Why is food important to the local economy? Sitting in front of an audience for a Startup Grind Kalamazoo Fireside Chat on May 28, 2015, Erika Block, Founder of Local Orbit, stated that food is really about people, culture, and local community. During what began as a theatre project, Erika found patterns when listening to stories about the paths people were making. Erika’s ability to listen and realize patterns in a manner that connected people eventually made her decide in 2007 that the “theatre project” was greater than a project.
Everyone Erika met was trying to get more local products. People were telling her they wanted authentic food from sources they knew and trusted. Erika saw this as the beginning of a trend with a big impact for the economic development of local areas. As a result, she founded Local Orbit. The “theatre person” was now an entrepreneur.
How does a founder with a background in theatre run a tech company? Erika stated that software developers are similar to theatre people. The difference with a software company is the industry (i.e. different customers to sell to, different suppliers to negotiate with, different competitors to play with). The rest of the experience is the same. What Erika developed was a software company with an underlying infrastructure that helps groups of people work together. What other industries had created within management information systems did not exist for the local food economy (i.e. the local food economy was behind in technology development and usage).
Erika also has business skills from running a nonprofit organization she co-founded and she comes from a family of entrepreneurs. Since Erika knows what it is like to have a cofounder, she also understands the difference with not having one, as is the case for Local Orbit. “In the end, it’s me,” Erika said.
The newness of the idea of local food was such that it was difficult to convince investors that it existed. In 2004/05, when Local Orbit was still a project, only a handful were thinking about local food. As Erika kept talking to people, she finally met an interested angel investor. The investor had read the book “The Omnivore’s Dilemma,” by Michael Pollan. Reading the book changed the angel investor’s perspective about the food industry. The particular investor is who connected Erika to Start Garden (a venture fund in Grand Rapids) and the beginning of funding for Local Orbit.
After spending several years developing a solution for the local food economy, Erika has discovered a more generic problem which Local Orbit can address. Working with many small vendors can be tedious and companies don’t have a good “local vendor management system”. This has led to the LocalEyes product being developed, and providing another avenue for creating a financially sustainable business. This is one of the beauties of starting a business. By opening one door (opportunity), other doors (opportunities) become visible (Knowledge Corridor Principle, Ronstadt 1988).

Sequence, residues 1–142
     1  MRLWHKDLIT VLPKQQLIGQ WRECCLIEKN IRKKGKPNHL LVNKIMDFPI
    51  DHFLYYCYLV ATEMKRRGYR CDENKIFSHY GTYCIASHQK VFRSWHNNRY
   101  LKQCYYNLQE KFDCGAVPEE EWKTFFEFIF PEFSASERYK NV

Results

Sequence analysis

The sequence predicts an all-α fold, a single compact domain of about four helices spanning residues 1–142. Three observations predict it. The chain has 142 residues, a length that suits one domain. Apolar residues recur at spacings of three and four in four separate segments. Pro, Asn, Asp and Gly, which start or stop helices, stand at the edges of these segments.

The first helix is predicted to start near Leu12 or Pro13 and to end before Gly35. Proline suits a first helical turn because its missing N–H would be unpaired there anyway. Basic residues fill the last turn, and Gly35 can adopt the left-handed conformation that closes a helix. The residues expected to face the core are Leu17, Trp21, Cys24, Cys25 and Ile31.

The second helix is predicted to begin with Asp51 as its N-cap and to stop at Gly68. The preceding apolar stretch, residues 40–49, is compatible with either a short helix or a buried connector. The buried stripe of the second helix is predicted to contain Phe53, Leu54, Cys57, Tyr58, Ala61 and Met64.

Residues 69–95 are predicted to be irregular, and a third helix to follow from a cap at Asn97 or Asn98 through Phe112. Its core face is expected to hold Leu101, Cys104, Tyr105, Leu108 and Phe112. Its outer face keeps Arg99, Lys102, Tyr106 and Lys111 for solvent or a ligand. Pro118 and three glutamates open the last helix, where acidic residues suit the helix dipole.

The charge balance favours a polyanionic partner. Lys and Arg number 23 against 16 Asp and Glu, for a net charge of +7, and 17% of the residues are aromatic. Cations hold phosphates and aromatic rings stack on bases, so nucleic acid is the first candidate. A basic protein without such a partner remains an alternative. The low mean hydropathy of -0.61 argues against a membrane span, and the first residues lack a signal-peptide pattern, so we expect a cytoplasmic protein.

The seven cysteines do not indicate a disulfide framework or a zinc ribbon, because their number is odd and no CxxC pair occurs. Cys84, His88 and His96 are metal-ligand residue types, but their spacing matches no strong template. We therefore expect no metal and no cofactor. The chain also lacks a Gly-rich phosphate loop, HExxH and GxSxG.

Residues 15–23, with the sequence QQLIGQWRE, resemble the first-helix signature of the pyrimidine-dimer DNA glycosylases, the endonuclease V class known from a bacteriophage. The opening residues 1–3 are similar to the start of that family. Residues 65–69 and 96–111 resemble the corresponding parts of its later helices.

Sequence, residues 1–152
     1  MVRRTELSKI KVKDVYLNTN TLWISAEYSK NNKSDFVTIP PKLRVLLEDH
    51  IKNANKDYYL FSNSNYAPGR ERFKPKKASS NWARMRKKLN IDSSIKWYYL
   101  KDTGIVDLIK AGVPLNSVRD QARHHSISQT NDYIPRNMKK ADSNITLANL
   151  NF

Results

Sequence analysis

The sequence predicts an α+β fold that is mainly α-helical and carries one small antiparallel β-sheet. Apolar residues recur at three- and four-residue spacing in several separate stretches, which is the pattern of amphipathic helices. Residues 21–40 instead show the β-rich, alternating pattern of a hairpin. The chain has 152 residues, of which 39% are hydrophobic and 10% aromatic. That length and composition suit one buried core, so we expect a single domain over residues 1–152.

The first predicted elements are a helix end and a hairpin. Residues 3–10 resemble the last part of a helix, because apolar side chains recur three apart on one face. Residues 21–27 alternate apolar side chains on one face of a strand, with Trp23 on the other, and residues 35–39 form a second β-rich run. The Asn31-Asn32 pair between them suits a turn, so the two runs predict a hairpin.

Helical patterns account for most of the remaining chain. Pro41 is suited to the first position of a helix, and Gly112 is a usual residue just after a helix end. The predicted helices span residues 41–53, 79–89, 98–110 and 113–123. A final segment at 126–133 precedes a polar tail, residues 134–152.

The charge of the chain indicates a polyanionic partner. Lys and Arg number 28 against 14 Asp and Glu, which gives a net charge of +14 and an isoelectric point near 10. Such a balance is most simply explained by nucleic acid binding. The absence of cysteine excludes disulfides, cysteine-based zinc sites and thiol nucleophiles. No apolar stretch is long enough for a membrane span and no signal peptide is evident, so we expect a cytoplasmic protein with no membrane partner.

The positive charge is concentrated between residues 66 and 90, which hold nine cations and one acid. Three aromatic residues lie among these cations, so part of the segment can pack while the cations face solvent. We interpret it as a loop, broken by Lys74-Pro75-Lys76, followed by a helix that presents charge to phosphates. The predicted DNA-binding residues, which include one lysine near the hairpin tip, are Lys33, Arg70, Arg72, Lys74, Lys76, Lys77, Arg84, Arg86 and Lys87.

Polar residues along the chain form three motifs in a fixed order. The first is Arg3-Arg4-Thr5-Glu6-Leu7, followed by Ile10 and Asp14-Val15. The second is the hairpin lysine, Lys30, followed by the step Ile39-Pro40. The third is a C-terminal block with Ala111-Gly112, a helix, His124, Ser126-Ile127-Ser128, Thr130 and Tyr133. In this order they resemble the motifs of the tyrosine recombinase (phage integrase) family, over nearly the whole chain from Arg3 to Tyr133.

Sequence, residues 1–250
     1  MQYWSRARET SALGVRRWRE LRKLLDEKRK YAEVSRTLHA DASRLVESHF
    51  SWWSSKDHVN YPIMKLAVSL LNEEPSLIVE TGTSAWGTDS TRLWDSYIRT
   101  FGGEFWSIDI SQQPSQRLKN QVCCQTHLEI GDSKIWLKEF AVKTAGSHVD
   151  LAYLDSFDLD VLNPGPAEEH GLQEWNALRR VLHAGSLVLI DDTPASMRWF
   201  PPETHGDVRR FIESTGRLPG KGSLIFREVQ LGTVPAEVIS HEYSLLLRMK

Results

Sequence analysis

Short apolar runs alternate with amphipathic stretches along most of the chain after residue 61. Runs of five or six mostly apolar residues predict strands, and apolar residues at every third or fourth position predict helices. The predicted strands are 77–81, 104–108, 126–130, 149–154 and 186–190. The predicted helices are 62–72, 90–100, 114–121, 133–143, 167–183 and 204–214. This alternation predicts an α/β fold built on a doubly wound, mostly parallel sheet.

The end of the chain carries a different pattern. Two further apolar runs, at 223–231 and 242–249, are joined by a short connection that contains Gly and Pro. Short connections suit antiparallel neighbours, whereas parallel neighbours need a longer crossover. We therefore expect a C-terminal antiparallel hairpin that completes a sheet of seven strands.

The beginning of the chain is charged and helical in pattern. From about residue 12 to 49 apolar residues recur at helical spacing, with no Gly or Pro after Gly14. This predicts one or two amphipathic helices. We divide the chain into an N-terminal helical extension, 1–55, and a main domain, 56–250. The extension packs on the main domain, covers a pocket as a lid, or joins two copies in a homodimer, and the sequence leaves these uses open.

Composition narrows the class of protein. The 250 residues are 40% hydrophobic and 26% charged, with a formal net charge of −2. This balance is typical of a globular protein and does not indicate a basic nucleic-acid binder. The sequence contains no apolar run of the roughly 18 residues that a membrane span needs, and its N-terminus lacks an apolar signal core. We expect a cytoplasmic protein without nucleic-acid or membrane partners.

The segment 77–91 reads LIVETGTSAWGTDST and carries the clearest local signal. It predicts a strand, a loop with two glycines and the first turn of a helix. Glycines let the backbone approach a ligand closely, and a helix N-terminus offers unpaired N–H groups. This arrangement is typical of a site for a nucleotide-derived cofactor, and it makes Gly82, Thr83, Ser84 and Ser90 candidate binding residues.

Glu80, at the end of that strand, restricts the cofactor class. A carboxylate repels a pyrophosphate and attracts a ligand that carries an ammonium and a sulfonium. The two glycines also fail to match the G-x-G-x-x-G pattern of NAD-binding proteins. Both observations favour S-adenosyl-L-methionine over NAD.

When talking about hardships she has faced, Erika discussed what she has been working on during the past year. The backend payment system company Local Orbit selected went out of business. Erika had to make the decision of what to do next, as the company’s revenue model was predicated on transactions, and without a backend payment system, no transactions could take place. Erika had to make the difficult decision of allocating money to retooling an existing system rather than building new features for customers. To create the payment processing system, Erika utilized extra money that was raised. . The decision has proven to be fruitful so far.
In conclusion, as the patterns Erika first noticed continue to develop around the local food economy, it becomes more than what happens in our homes and restaurants. Events like Startup Grind are also about people, culture, and the local community. Local food, then, is always good to provide at Startup Grind events. :-)
Erika’s nuggets of advice for entrepreneurs included:
- Trust yourself – know your north star, because there will be many days you wonder “Why am I here?” Every entrepreneur struggles.
- Although Erika is not a sales person she is always selling and states that It is not a bad thing. According to Erika, the key to selling ultimately comes down to storytelling and being yourself.
- The biggest learning is that Erika knows she can get through a bad day because she has done it before (either in Local Orbit, or as a theatre person).
Other topics Erika discussed:
- The phases of Local Orbit
- More details of research
- The financial impact the new food economy has on local areas
- Investor and board relationships and knowing when to walk away
- Rethinking metrics
- Challenges of a new company and the “startup grind”
- The importance of training
- Network theory
If you would like to view more about the event, you can visit Erika’s Startup Grind interview page here to watch and listen to the video of the interview. Thanks!